Thumping Thundering Herd
Bison fans come in bunches to support NDSU football
Published: Friday, January 17, 2014
Updated: Friday, January 17, 2014 17:01
There were numbers that stuck out among North Dakota State fans on their trip to Frisco, Texas, for the FCS Championship earlier this month – 10,300 and 17,000.
The first of those numbers is how many tickets were sold for the Bison pep fest at Dr. Pepper Ballpark on Jan. 3, the night before the Bison went up against the Towson Tigers for their third-straight national title.
On the other hand, 17,000 represents the approximated number of Bison fans who showed up to Toyota Stadium for the game.
While the number of Bison faithful in Frisco for the 2011 and 2012 FCS titles was high, this time around is unparalleled. Fans bearing green and gold managed to sell out Dr. Pepper Ballpark for the pep fest.
Speakers at the game, including NDSU President Dean Bresciani and NDSU athletic director Gene Taylor, got the crowd roaring with words like “championship” and “three-peat,” though Bison fans typically don’t need that to bring up their noise levels.
“It’s a lot of fun seeing this many people from Fargo making the 15- hour trip down here,” said Jesse Braun, who is majoring in electrical engineering at NDSU.
“32 Below” also made their presence felt with a few familiar songs, but Bison fans may not have exactly been paying attention. Before the band even took the stage, various concession stands ran out of alcohol, leaving some fans upset.
Nonetheless, it didn’t stop them from having a good time.
“It’s amazing that you can bring 10,000 Bison fans just to pack them in here to drink and have fun,” said Josh Hahn, who made the trip from his residence in Fargo in time for the pep fest. “Every time we come down here, we see something new.”
The Bison faithful not only made their presence known at the pep rally, but all across the city as well. Roads between Texas and North Dakota weren’t forgotten either, as one could see all kinds of Bison gear and NDSU-themed vehicles on the way to Frisco.
“I would say that there’s more Bison gold and green here than there is in Fargo. It’s pretty exciting,” NDSU alumni Jaime Kubik said at the pep fest. “My favorite part is that you run into someone you know about every 10 minutes or so. That’s pretty fun.”
The tailgating lots the morning before the game were just as alive. Music blaring, people conversing over cooked food and kids tossing footballs could be seen everywhere surrounding Toyota Stadium. The NDSU Gold Star Marching Band also made an appearance for tailgaters to get people excited for the game.
“I think that the fan support that the Bison fan base has shown for this team, not only this year but the past couple years, is fantastic,” NDSU Alumni Tadd Tobkin said. “You look around here and you think ‘Is this a (Southeastern Conference) game or is a FCS Championship?’ I think it’s something to be proud of. It’s something special. All the fans should really be credited with their commitment to Bison Athletics, and in particular Bison football.”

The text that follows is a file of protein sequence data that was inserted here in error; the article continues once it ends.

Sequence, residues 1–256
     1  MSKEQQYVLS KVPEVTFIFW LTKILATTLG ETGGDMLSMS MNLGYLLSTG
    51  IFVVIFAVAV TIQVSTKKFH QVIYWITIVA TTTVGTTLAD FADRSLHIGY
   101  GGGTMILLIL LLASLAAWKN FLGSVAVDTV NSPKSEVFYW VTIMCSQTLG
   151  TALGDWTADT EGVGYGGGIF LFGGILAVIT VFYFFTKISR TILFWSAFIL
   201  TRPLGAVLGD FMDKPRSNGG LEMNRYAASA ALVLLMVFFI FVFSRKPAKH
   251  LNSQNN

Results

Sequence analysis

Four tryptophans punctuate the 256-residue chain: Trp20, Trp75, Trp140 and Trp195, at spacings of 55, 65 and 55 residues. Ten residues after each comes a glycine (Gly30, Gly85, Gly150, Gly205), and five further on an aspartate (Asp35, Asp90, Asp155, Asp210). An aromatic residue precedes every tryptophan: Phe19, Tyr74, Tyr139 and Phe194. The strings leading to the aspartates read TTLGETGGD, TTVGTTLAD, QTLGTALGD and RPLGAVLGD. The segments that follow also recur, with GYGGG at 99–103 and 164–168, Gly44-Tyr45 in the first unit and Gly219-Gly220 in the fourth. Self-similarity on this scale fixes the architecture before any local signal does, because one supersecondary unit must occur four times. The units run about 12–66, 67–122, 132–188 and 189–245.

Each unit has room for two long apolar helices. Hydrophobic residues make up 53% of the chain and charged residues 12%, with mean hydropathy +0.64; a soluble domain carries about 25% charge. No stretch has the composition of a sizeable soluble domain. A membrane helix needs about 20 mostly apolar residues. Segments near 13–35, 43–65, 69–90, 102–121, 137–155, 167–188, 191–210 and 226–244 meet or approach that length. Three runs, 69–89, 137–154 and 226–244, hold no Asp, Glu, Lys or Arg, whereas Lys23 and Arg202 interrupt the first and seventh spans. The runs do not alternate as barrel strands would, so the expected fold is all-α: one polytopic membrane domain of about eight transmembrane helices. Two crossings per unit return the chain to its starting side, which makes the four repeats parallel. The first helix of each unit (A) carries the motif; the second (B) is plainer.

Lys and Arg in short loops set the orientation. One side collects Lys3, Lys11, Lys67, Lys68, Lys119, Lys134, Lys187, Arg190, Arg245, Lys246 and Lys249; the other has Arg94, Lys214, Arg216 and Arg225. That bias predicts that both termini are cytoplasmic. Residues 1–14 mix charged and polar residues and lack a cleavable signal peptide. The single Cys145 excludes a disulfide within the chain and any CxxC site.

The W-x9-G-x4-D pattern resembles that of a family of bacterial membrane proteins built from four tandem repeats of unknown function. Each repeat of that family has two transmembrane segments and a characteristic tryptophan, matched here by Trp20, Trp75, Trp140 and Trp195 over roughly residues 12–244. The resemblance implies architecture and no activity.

Tobkin, who lives in the Dallas area, said it’s been convenient for him to have his alma mater play for three national titles just a short drive away.
He added that there are a considerable amount of people in the Dallas area who have become familiar with his former school because of Bison football’s success and their presence in Texas.
“The way I look at it, (NDSU) Athletics is the front porch to our university,” Tobkin said. “It’s helped give me things to talk about and people to meet who are familiar with my background.”
And per usual, NDSU fans rocked Toyota Stadium when the Bison ran out onto the field, even if it was to a malfunctioning introduction video on the jumbo-tron.
One could say that nothing gets in the way between NDSU and its football.
“It’s just like the atmosphere at home,” 1985 NDSU Alumni Lyndon Binbe said of Frisco. “You see a lot of people walking by that you know and everybody’s pumped up.”
After NDSU claimed the FCS crown over Towson 35-7, Bison head coach Craig Bohl said the following was exceptional. Bohl claimed, in his decades of coaching, never expected a following of such a size at a neutral site.
“To see all of our fans come and really embrace this football team is special,” Bohl said. “(Toyota Stadium) is a big league venue and we had a big-time crowd following from our fans. Hats off to them.”
Whether NDSU reaches a fourth title game in a row remains to be seen. But if it does, there isn’t much doubt they’ll have a big fan base right behind them in Frisco.
“The people here, they love us,” said David Torok, a former NDSU student who went to the game. “You feel like you’re in Fargo, but in Frisco. It’s great. It’s a home away from home.”